NEW YORK (FOX 5 NEWS) - Persian Gulf War veteran Tim Schell's transition back into society hasn't been an easy one.
"You never know when you'll be at your lowest time," Schell said. "And I never thought I would."
Many times he'd have to choose between feeding his family or paying rent until Island Harvest Food Bank started helping him.
"It's nice to know that they're there when you never know that they are," Schell said.
President and CEO Randi Shubin Dresner said some 300,000 people on Long Island are fighting the same battle as Tim. The United States Postal Service's Stamp Out Hunger food drive is Saturday, May 14. It's the largest one-day drive. Dresner said feeding the needy has never been so easy.
"When we're able to collect well over 300,000 pounds of food from our neighbors on Saturday, that's going to help us provide close to 200, 250,000 meals for people all across Long Island," Dresner said.
"The Long Island postal district has over 1 million deliveries," said Walter Barton, the president of the National Association of Letter Carriers. "If every customer donated just one pound of food we could collect 1 million pounds on Saturday."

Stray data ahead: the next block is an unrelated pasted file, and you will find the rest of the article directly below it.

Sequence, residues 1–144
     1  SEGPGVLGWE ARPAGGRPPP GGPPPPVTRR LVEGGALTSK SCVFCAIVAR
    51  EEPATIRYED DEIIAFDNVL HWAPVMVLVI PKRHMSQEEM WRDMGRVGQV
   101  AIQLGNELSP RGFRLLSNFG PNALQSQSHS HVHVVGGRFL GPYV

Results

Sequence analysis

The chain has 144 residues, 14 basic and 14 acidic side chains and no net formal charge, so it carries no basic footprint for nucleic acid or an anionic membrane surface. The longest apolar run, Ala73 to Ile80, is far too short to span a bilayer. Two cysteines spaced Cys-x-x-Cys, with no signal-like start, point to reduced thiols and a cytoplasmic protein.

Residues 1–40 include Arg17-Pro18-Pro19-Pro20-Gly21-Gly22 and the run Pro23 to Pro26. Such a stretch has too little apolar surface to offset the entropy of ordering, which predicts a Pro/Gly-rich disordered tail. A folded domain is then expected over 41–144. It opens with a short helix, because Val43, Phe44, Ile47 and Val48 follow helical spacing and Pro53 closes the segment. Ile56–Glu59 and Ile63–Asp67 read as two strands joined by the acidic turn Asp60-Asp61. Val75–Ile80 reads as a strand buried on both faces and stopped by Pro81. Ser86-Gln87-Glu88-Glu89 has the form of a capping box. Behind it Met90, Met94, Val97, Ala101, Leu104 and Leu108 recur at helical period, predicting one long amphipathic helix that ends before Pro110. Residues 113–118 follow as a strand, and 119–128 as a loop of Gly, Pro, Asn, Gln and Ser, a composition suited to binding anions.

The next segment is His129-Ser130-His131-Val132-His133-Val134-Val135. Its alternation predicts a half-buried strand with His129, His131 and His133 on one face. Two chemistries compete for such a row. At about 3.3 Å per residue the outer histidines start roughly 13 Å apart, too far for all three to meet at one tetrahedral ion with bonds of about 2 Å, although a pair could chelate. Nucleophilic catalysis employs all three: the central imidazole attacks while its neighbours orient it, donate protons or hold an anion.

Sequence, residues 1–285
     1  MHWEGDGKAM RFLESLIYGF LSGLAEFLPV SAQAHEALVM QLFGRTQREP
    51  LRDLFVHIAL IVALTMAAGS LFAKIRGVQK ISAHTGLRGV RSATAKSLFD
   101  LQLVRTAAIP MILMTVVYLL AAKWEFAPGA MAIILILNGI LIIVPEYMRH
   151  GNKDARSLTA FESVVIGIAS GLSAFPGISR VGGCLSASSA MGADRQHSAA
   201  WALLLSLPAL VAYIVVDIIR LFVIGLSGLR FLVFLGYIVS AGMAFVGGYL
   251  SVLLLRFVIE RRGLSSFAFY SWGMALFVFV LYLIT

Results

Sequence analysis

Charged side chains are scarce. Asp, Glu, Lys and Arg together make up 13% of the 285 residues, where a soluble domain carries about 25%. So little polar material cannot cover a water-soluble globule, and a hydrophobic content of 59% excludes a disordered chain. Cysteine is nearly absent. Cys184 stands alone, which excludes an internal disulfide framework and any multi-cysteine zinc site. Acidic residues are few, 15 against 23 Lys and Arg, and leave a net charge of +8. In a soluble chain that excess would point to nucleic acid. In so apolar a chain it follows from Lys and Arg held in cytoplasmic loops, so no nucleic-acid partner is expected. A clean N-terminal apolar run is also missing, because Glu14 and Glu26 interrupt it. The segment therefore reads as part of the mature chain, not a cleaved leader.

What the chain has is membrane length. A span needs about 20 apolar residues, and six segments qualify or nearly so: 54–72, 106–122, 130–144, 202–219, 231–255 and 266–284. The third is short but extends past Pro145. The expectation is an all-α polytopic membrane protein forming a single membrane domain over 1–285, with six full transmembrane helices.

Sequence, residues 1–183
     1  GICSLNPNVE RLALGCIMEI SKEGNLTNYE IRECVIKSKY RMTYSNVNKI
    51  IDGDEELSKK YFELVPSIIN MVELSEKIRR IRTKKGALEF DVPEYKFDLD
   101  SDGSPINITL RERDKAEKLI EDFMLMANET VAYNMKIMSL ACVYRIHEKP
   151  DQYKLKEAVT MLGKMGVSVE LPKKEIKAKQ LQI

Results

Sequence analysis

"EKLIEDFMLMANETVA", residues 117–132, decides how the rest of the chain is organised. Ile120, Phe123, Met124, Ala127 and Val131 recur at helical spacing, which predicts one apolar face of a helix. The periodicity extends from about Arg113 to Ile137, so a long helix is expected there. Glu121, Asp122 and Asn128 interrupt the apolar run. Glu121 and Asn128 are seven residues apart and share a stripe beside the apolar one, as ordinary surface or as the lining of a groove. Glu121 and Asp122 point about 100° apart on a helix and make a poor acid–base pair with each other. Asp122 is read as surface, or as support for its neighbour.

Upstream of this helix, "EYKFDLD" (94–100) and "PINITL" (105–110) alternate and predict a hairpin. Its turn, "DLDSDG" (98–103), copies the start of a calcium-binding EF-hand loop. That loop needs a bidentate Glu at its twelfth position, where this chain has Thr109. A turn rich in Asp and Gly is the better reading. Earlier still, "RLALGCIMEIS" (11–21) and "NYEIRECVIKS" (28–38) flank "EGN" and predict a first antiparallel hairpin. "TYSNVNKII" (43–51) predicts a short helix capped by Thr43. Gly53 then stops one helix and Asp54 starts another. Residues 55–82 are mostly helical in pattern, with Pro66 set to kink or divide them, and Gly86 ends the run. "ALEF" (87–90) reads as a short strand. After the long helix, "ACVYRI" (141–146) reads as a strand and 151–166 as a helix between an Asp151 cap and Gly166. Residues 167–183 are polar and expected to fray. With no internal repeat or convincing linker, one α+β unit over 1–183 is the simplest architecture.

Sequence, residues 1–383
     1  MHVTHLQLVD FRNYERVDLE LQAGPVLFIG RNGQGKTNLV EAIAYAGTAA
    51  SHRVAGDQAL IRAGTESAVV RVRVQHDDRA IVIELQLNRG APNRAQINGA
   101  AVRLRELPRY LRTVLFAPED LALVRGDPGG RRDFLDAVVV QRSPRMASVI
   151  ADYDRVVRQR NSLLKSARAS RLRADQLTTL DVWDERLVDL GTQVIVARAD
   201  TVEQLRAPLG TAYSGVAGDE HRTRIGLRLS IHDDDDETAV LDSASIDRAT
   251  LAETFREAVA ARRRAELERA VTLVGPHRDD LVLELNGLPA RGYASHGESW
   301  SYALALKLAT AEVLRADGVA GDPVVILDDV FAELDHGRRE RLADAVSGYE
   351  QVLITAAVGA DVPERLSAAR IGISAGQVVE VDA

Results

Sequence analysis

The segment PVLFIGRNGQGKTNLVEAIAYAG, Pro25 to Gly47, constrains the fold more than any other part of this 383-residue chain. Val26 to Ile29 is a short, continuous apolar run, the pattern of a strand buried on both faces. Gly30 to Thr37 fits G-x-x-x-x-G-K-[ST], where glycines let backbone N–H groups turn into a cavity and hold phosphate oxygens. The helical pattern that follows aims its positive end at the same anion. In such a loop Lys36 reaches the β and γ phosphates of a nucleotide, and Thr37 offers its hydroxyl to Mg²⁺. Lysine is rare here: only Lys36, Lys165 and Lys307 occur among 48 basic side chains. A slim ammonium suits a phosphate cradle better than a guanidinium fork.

Here's how it works: leave nonperishable food items in or near your mailbox on Saturday. Letter carriers will collect donations as they deliver the mail.
"Over the next couple of weeks all of the food that's donated will be out on the shelves at food pantries and then soon after that on the tables of our neighbors all across Long Island," Dresner said.
Susan Delgado helps feed nearly 300 families a week at a pantry in Selden. Her advice?
"Give whatever you can and then give a little more," Delgado said. "Your neighbor could be the one who is coming to us for food and you don't even know it."
Ed Ercole, who volunteers in Brentwood, said a little goes a long way.
"When you look in their face and their eyes tell you they're thankful," Ercole said.
In 2015, Stamp Out Hunger collected more than 70 million pounds of food nationwide. This year they're hoping to top that.